AOTEAROA






I have long been fascinated by New Zealand. I don’t know why. I do not have relatives or ancestors there. In fact, until recently, I had not even been there. It might have been the curious Tiki pendant my father once brought me back, or the lure of untamed landscapes, or the people and politics – I really can’t say. Happily, I have finally been to Aoteroa and that ancient land affected me.

 I stayed on a farm, in a little ‘batch’ at the edge of the water in the Te Moana-a-Toi (Bay of Plenty). The nearest town is Tauranga. The farm belongs to the family of my travel companion, Janet. The family grows hydrangeas and organic avocados and the most scrumptious golden plums I have ever tasted. Those are the commercial crops but as we learned – the farm yields so much more.


 Most mornings as we sipped our coffee, 94 year old Ian (Father of the Farm) would bring fresh plums and avocados down to us at the batch. Sometimes he would bring fresh beans and herbs and tomatoes from his garden. Most mornings he would stay for a coffee and entertain us with stories from his days as a fighter pilot and a young man in love with his beautiful wife.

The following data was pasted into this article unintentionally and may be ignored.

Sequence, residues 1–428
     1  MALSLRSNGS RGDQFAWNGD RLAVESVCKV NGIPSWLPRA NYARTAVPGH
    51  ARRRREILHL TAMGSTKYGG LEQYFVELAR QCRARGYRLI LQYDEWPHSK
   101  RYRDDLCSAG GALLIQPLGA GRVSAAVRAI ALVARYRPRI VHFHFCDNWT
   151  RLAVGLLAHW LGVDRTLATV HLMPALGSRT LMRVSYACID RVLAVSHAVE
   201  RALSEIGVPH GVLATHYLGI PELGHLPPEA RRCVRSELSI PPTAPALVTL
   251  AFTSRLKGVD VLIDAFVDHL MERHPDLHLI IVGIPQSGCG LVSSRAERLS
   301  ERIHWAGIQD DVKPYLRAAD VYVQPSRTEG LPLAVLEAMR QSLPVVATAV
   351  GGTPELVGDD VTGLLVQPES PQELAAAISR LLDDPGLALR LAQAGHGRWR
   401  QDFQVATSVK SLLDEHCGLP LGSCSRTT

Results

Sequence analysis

Each evening we swapped the hot brew for local wines and waited for visits from other family members and neighbours – always they would come with offerings from the land and sea.  One night we were given freshly caught fish another night an enormous bowl of plums and berries from which we made pies to share.


 Nights were filled with home made cuisine and joyful eclectic company. My dear friend Janet and I behaved as wildly free as a holiday in a remote place calls for. There were bonfires and dances and an evening of inking by a local tattoo artist who was called in to make some Maori designs on the limbs of departing Mexican WWOOFers (Willing Workers on Organic farms).


 In all this plenty, I felt the roar of the land. I saw for myself the long white cloud hovering over mountaintops. I dug and planted and picked. I sketched and photographed the scenes around me.  The spirit of this small corner of the world is now imprinted on my heart…. And will find its way into my paintings.